Parents can make the most of limited homework time by creating a space that is free from distractions and contains all the supplies needed to work efficiently. For some kids, music may be beneficial while for others, it may not.
“Being on your cellphone and having the notifications ding every time something comes in, that’s not useful. It ends up taking kids a lot longer,” Burgess says.
Ultimately, Burgess says parents need to “go with their gut” and explore options if they feel their child is struggling. Making extra help a priority over extracurricular activities for kids who are having difficulty academically helps restore confidence.
“Education and academics have to be a priority because it affects every single thing children do in their lives,” Burgess says. “If it’s not addressed, it just gets bigger.”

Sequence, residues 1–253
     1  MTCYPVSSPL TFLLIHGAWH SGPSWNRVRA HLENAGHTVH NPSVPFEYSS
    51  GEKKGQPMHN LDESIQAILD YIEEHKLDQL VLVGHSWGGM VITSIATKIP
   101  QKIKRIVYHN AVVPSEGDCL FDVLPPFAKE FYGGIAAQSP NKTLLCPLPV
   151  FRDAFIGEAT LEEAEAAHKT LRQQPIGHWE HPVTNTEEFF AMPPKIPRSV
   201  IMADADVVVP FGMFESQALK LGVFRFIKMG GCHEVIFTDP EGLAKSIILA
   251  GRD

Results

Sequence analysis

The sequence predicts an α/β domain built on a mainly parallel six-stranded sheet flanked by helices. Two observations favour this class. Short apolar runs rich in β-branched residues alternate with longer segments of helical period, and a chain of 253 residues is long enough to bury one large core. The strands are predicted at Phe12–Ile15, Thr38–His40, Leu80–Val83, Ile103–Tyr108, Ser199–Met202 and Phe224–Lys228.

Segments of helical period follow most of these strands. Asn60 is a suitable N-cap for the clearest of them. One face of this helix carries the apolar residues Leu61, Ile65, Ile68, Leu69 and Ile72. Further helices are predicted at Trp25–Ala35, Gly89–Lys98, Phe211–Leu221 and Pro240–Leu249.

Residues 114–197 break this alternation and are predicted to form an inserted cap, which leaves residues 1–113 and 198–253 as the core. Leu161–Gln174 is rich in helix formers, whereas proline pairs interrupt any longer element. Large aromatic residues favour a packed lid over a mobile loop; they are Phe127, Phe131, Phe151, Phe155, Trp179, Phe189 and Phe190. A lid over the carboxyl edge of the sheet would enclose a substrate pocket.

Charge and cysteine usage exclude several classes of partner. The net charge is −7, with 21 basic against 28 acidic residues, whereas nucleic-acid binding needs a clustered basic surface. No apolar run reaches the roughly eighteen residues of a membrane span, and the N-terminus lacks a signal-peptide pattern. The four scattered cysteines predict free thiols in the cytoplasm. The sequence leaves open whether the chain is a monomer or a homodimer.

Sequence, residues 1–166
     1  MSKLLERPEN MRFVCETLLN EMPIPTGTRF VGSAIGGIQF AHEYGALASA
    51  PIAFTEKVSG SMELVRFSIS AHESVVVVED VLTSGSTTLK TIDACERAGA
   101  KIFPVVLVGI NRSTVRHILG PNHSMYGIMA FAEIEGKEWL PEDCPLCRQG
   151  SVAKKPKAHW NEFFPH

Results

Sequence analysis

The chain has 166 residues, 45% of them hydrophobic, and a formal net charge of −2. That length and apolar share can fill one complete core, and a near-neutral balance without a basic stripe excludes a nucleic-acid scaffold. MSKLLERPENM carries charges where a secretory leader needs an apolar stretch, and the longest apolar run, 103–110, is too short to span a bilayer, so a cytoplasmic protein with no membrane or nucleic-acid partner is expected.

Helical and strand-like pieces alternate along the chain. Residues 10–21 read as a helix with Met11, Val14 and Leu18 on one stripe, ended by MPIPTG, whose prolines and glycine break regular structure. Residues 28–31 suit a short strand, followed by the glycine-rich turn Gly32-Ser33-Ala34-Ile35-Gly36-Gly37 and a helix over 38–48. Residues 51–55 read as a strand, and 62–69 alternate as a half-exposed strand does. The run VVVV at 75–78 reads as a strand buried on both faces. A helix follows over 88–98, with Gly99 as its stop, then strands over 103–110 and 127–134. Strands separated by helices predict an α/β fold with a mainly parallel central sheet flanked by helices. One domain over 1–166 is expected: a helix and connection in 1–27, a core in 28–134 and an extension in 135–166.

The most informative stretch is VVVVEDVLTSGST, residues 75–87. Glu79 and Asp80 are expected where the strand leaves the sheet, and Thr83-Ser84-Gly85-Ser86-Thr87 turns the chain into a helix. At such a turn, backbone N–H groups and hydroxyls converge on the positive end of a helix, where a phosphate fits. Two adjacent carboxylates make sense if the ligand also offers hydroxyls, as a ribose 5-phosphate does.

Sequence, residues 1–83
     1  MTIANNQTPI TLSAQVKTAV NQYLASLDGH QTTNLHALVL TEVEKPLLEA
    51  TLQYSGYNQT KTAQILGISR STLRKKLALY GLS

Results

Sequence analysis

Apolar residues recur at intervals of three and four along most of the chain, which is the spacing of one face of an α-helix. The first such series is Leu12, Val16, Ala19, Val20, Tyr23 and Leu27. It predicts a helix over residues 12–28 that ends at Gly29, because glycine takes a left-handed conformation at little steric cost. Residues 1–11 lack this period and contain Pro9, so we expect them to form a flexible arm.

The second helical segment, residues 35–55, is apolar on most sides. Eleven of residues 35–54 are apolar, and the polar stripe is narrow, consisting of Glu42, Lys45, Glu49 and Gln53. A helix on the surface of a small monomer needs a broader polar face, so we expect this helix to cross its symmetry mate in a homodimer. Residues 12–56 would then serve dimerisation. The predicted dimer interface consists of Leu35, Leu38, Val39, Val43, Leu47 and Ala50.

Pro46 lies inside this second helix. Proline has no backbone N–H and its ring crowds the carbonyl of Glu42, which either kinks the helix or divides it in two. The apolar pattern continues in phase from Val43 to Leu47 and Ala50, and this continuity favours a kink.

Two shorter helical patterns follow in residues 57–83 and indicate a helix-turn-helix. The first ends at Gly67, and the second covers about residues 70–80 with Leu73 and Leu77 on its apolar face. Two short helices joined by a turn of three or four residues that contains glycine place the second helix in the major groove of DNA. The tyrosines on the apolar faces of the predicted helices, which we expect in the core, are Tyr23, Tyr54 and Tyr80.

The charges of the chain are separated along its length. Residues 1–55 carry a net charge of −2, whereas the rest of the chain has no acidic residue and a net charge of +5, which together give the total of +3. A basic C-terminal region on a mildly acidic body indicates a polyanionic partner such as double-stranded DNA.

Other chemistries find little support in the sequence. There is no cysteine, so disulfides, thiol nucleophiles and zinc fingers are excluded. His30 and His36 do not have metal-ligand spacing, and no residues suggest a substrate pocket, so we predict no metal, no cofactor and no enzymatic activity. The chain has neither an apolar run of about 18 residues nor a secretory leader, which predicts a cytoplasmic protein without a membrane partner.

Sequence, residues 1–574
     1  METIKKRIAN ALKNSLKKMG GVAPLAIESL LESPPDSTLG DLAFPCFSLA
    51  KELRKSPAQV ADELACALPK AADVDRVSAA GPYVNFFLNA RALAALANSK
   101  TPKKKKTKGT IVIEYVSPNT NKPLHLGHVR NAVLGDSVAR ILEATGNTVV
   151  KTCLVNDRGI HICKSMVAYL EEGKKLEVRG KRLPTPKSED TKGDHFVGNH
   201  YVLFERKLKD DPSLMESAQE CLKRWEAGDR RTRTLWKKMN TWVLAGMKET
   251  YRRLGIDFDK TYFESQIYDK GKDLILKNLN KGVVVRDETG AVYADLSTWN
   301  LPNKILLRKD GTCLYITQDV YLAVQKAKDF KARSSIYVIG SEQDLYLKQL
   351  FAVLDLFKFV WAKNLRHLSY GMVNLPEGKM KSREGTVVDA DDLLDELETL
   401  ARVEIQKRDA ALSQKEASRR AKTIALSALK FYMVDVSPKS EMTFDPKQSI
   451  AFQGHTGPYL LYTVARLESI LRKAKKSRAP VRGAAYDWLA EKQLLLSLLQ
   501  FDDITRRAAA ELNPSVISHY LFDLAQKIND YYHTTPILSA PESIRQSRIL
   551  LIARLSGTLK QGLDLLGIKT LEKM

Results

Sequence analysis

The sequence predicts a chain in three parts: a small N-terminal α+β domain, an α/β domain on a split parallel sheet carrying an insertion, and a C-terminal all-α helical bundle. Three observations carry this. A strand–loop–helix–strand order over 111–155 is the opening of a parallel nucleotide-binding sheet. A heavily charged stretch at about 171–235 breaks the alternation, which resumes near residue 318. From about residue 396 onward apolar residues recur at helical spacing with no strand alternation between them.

Skeete compares an overscheduled child’s capacity to grasp music concepts with how a parent may feel when working through the day, driving kids to activities after work, and perhaps taking a night course. “That information’s not getting in there the way it would if that’s the only thing you were focussing on and you streamlined some other things in your life,” she says.
With her own sons, Skeete tries to be in the moment and enjoy the fewer activities they’ve chosen. She also sets aside concerns about what other parents may think about their level of involvement. “Those are imaginary assumptions,” she says.
“At the end of the day, your kid wants to know they’re safe and they’re loved and they’re cared for, so that whatever activities you do, it’s not the activities, it’s how you go about doing them.”